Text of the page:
D.G. Martin

Why do North Carolinians love pirates so much?

Pirates in North Carolina again? Yes, we remember Black Beard. Most authorities now agree that the shipwreck we thought was Black Beard’s Queen Anne’s Revenge is just that. The big news about the recovery of the ship’s anchor has us talking about pirates again. The new “Pirates of the Caribbean” movie, although not as big a hit as its predecessors, brought the world’s attention to pirate mythology again. At East Carolina University, the Pirates nickname for its athletic teams makes all ECU fans justifiably proud of their pirate heritage. It is the same thing for many North Carolina high schools that have adopted this popular nickname. But, when we are pushed to explain why we are so enthusiastically romantic about pirates and their mythology, we begin to stutter. It is difficult to explain why we would want to tie ourselves so closely to a group of ruthless, brutal, selfish thieves. These are not the kinds of people we ordinarily would claim for our own. We simply do not have a good explanation for our love of pirates. Three new books might help us as we struggle to understand our identification with pirates. First, there is “Sir Walter Raleigh: In Life & Legend,” a biography by Mark Nicholls and Penry Williams. As noted in an earlier column, this book teaches us that Sir Walter’s colonizing efforts on our coast were...

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North Carolina books for summer reading

Summer is here. Are there some North Carolina books in your summer reading book bag? If not, here are some possibilities from authors who will be featured on upcoming programs on UNC-TV’s North Carolina Bookwatch. Rachel, the blue-eyed child of a black American GI and a Danish mother, is the central character in an award-winning novel, “The Girl Who Fell From the Sky” by Heidi Durrow. Durrow herself is the child of a Danish mother and an African-American father, whose military assignments brought him to North Carolina. The author’s real struggle to find her identity provided the background for the similar fictional struggle that Rachel faced. But the novel is a darker story, a more compelling one, of a child whose mother loved her so much she wanted her child to die with her. (Durrow will be my Bookwatch guest at 9:30 p.m. on Friday, June 17, and 5:00 p.m. on Sunday, June 19.) Suzanne Hobbs, who teaches at UNC-Chapel Hill’s Gillings School of Global Public Health, is a prominent public health professional and author of several books in the “for Dummies” series, including “Living Dairy-Free for Dummies.” Why would a distinguished professor want to write a book for dummies? She explains that the “dummies” formula is a big help for an author who wants to write clearly and simply. Lots of readers, most of whom are not dummies, appreciate the...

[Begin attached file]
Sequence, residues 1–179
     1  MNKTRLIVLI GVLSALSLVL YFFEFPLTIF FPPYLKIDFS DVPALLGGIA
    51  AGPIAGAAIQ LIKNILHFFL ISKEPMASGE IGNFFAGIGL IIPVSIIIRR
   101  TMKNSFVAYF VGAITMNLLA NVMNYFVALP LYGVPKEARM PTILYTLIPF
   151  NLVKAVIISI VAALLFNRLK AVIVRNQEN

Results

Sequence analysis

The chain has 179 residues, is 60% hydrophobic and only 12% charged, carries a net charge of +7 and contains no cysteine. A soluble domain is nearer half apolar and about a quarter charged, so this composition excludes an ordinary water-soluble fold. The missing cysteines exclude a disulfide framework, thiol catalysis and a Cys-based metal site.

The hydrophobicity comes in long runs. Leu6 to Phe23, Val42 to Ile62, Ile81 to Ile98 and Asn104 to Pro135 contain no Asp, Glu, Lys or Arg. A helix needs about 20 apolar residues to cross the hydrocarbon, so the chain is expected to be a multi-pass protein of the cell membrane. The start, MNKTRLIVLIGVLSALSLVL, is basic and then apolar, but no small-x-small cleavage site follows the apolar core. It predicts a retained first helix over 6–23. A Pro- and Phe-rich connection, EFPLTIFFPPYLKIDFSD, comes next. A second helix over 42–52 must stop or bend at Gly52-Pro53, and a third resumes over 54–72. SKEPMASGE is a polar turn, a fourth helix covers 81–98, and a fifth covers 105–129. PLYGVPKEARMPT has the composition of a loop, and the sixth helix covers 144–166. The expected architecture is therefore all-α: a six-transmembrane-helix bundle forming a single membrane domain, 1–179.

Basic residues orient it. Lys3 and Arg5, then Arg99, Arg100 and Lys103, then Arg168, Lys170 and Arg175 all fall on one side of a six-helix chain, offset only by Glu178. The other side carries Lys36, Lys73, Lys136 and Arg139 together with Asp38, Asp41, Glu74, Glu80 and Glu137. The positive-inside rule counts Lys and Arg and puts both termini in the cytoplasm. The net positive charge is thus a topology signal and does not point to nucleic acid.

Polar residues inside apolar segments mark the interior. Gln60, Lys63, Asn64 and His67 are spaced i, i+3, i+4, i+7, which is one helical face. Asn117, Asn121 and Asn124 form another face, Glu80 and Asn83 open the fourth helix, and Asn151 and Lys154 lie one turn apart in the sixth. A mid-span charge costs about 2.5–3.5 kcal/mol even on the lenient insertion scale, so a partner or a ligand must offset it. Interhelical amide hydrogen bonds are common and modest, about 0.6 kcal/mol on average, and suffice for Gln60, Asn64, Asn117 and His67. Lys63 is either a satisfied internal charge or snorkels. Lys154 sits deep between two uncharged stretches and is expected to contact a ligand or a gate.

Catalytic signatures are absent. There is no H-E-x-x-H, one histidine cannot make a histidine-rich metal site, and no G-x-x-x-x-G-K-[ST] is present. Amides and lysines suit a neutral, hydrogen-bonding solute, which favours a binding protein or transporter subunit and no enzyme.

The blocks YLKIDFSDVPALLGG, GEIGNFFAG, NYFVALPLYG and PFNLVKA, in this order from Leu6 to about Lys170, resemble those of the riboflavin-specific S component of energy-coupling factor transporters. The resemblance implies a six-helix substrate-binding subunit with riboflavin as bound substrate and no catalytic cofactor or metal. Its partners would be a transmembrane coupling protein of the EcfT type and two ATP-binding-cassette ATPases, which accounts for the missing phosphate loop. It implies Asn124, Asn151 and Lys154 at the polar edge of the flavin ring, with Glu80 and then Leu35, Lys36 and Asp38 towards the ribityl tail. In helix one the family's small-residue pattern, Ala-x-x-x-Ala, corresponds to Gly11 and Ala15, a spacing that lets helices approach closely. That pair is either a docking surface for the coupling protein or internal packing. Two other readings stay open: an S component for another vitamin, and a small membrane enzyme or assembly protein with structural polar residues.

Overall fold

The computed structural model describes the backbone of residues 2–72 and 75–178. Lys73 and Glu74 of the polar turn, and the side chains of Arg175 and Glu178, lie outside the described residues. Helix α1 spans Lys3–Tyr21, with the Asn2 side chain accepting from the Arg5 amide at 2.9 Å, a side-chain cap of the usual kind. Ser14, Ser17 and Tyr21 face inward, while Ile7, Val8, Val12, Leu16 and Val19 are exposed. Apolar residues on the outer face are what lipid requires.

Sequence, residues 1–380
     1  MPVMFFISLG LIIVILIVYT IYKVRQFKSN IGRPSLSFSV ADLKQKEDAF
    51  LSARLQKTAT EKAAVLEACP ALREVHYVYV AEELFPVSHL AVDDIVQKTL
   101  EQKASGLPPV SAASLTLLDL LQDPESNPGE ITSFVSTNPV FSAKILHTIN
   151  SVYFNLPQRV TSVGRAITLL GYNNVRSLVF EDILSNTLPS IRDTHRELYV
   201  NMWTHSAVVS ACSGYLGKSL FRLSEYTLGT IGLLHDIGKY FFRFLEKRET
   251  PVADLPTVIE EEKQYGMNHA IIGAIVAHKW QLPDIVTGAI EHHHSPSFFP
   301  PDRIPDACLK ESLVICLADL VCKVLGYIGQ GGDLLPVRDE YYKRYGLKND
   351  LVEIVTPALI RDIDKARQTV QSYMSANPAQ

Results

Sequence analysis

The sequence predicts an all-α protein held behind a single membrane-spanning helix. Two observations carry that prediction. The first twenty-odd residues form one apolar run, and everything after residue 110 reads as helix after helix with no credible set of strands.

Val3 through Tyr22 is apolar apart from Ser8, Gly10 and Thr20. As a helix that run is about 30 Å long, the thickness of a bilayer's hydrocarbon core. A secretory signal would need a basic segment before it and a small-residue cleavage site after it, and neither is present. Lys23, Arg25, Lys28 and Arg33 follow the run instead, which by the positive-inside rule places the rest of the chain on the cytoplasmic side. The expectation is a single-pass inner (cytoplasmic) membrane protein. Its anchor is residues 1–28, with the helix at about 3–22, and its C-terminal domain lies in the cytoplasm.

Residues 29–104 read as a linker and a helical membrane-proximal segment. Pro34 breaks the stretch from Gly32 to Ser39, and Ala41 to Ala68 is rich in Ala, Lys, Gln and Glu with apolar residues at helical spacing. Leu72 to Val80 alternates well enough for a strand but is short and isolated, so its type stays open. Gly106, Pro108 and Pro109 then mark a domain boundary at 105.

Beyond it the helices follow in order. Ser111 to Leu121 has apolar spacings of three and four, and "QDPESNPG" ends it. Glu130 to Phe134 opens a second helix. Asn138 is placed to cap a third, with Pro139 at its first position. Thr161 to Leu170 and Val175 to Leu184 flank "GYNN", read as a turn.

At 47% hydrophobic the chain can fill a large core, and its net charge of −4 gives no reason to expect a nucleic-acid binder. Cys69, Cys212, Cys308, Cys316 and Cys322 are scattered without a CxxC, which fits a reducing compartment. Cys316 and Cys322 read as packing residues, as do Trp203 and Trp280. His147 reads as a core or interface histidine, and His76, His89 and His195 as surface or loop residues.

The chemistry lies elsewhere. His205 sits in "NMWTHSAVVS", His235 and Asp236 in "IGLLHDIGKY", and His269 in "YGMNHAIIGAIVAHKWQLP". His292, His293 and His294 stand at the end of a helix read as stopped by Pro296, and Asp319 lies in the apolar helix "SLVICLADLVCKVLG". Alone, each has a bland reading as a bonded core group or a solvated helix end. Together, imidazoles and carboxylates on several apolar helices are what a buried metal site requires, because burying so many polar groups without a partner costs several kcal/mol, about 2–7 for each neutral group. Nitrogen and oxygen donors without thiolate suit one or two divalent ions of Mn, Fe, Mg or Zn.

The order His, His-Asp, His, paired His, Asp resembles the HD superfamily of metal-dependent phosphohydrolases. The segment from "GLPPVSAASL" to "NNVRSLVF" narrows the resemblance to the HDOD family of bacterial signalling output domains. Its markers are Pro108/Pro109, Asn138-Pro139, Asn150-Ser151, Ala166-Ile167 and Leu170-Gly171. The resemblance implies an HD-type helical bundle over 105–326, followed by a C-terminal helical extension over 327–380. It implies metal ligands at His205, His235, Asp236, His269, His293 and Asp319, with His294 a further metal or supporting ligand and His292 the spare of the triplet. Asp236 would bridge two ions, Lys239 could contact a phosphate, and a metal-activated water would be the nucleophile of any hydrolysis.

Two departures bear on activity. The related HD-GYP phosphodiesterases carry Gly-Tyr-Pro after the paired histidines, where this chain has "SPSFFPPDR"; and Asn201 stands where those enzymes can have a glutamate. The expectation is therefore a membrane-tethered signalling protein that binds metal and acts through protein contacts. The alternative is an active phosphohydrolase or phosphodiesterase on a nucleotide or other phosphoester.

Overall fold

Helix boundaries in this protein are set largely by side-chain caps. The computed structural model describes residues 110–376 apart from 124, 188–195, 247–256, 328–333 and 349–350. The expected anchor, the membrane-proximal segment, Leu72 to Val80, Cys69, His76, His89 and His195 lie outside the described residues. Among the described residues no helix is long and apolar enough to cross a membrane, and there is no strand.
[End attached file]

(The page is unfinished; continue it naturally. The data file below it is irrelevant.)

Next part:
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Another war we cannot win?

One lesson America is reluctant to learn: Wars are easer to declare than to win. Wars in Iraq, Afghanistan, and now Libya elude the kind of total victory our country achieved in World War II.   And we have other declared wars that command national resources even though finding a strategy for a decisive victory has been elusive.   War on poverty. War on cancer. War on crime. War on terror. War on AIDS.   These wars confound us because we can find no way to total victory.   No war has been more confounding in that respect than the war on drugs.   Its cost over the last 40 years, some estimate, exceeds a trillion dollars.   Our criminal justice system continues to expend substantial resources tracking down drug sellers and users. Prisons are full of the “catch.”   Still, no victory is in sight. The use of illegal drugs rages on. Many otherwise law-abiding Americans “do drugs” or confess that they “did drugs” in the past.   Criminals run the profitable illegal drug marketing system that supplies the demand of American consumers. The high street cost of the illegal drugs drives drug addicts into criminal activities to raise money to buy the drugs.   Our jails are packed with such people.   So, is it time to surrender and give up the war on drugs by legalizing...

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A short North Carolina history lesson